The Trump Administration’s hostility to immigration in general, and Mexican immigrants in particular, is no mystery. With an expanded wall on the Mexican border in the works and an executive order at least temporarily banning refugees from settling in the country, it’s a time of unease for many immigrants in Kentucky as well as those outside our borders who would like to at least work in the U.S. if not become its citizens.
Much of the Administration’s rhetoric about the negatives of immigrants revolves around security and economics. One goal is to have more citizens (and fewer immigrants) employed in the country. But that’s a short-sighted view, because there’s no reason members of both groups can’t have employment opportunities. You may not be able to have one without the other.
As the economy continues to improve, hiring accelerates and the labor market tightens; employers looking for low-skilled workers are increasingly struggling to fill vacancies, according to MarketWatch. A major reason is that Mexican workers (both documented and undocumented), who normally are the labor backbone of the hospitality, construction and agriculture industries, are in short supply.
Many business owners who need low-skilled labor state their barrier to growth is not that too many Mexicans are heading north, but that there are too few. The article quotes the owner of a Texas roofing contractor which is helping to build Toyota’s new North American headquarters in a Dallas suburb. Nelson Braddy, Jr., says he would hire sixty roofers right away if he could find them. “It’s the worst I have seen in my career,” he adds.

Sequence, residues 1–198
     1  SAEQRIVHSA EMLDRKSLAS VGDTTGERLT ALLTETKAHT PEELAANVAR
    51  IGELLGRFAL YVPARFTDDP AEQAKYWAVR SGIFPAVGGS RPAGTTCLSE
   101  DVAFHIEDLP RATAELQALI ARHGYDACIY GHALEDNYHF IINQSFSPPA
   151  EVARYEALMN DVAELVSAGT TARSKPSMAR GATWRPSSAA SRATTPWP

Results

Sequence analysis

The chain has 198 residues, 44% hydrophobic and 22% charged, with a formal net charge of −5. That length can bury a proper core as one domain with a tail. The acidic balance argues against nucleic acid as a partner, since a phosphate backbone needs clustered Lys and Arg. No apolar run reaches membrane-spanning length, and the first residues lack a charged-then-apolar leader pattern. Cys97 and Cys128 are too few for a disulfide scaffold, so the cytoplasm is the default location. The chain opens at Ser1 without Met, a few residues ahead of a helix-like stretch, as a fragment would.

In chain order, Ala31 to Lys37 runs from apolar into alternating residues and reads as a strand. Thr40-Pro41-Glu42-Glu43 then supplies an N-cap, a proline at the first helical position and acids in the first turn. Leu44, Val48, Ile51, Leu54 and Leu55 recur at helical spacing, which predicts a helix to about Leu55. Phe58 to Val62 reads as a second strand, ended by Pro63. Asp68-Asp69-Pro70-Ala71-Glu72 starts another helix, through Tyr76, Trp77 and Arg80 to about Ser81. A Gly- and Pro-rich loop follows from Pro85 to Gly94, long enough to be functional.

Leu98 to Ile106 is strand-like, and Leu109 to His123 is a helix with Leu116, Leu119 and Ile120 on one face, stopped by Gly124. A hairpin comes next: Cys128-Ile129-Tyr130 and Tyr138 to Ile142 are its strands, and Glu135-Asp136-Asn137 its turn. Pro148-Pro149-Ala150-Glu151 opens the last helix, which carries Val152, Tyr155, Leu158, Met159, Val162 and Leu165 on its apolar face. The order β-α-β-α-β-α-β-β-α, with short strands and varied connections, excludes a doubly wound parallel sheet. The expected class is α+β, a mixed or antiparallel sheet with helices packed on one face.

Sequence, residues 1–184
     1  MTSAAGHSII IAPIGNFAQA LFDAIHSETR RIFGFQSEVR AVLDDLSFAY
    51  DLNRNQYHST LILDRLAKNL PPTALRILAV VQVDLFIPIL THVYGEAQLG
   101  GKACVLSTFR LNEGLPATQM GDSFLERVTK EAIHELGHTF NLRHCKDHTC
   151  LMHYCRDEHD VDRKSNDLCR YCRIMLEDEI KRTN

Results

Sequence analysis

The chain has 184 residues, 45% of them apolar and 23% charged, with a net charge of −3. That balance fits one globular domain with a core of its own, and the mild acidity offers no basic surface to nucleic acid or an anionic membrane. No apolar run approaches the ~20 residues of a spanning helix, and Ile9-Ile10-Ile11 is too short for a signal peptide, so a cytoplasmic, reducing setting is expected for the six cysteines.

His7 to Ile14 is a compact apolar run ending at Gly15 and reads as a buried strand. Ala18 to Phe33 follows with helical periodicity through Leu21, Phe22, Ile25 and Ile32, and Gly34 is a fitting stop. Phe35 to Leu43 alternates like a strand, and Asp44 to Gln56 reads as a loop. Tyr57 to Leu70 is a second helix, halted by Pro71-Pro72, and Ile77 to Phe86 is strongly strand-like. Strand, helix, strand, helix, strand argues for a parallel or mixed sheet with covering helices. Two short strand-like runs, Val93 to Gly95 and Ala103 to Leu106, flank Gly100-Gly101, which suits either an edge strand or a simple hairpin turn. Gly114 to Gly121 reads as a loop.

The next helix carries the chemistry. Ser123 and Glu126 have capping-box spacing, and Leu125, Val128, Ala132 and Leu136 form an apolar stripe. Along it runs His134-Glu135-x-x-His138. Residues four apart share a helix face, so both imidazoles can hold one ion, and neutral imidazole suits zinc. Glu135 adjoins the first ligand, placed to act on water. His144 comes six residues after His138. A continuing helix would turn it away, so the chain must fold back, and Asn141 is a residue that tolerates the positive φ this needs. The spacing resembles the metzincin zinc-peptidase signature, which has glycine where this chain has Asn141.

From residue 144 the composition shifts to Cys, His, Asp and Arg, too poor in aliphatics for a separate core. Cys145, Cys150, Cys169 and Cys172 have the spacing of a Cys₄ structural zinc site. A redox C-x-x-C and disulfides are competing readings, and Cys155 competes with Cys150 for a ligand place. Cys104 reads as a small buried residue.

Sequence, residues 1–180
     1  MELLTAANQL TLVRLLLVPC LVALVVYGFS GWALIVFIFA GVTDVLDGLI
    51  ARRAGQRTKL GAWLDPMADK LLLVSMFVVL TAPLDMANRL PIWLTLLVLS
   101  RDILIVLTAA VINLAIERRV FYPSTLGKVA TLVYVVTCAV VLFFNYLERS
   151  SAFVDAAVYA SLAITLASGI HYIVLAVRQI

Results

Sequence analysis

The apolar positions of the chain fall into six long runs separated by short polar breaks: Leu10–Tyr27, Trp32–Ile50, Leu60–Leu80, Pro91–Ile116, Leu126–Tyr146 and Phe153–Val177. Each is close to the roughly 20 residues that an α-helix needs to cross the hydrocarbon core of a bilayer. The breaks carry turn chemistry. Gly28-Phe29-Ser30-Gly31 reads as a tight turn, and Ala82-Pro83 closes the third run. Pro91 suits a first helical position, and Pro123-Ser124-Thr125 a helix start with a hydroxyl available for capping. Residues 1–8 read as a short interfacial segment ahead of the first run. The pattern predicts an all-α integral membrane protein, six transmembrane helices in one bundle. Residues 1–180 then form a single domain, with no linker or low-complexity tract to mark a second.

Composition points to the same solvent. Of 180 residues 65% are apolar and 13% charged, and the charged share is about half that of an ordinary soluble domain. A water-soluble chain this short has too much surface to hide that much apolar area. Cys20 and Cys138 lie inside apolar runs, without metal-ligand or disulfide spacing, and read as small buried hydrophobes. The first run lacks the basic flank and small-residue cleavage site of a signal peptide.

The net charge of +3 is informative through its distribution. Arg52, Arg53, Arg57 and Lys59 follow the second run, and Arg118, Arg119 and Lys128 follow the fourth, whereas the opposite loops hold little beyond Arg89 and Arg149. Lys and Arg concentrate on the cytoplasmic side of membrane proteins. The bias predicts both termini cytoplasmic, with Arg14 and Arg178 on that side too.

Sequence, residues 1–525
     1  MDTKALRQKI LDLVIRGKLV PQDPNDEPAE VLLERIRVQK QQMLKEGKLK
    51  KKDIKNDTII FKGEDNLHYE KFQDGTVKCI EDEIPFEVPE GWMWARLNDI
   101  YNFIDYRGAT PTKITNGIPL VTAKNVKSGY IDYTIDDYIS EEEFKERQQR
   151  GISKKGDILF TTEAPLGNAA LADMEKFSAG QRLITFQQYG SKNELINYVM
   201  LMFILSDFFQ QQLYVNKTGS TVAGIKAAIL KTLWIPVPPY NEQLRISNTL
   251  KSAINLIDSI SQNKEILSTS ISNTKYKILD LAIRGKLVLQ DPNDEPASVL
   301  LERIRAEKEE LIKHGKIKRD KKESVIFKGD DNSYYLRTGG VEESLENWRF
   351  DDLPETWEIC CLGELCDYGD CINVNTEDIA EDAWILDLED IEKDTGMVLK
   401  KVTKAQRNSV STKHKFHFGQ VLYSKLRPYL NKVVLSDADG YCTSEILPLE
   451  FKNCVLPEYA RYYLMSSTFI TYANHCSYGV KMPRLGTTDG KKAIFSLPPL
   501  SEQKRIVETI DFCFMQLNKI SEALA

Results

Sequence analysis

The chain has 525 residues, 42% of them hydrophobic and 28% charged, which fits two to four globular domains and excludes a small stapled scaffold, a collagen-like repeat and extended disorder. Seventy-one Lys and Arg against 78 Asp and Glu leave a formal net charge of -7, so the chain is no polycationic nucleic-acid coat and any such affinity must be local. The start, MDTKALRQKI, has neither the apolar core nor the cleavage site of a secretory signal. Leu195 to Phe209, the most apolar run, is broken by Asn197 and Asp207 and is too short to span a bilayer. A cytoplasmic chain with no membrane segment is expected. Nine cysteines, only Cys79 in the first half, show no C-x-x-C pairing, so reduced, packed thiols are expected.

The estimated yearly inflow of undocumented immigrants from Mexico has slowed to about 100,000 a year since 2009, down from about 350,000 a year in the mid-2000’s and more than half a million in the late 1990’s and early 2000’s, according to the Pew Research Center. The U.S. Border Patrol’s apprehension of those entering the country illegally declined to 337,117 in 2015, the lowest number since 1971.
The county will need many more immigrants in coming decades to keep the economy strong, according columnist Rex Nutting who wrote a piece for MarketWatch. He writes:
- Our economy will likely face labor shortages in the coming decades if more immigrants aren’t allowed into the country.
- The working-age population will barely increase over the next three decades, so we should expect the economy to barely grow.
- Slow growth means public debt will be a bigger burden and the fiscal problems facing Social Security and Medicare will fall more heavily on those getting benefits, because having fewer workers will result in less being collected in tax.
- Due to low birth rates and increased longevity, the labor force is expected to grow at 0.4% per year over the next 30 years, down from an average of 1.8% from 1970 to 2000.
The Administration sees immigrants as a burden, but economically they’re a benefit. The sooner we understand that immigrant labor helps the country, not hurts, the better off we will all be.
If you live in Kentucky and want to discuss how you or a family member may be able to achieve documented status, contact our office so we can discuss your situation, the applicable laws and how we can help you.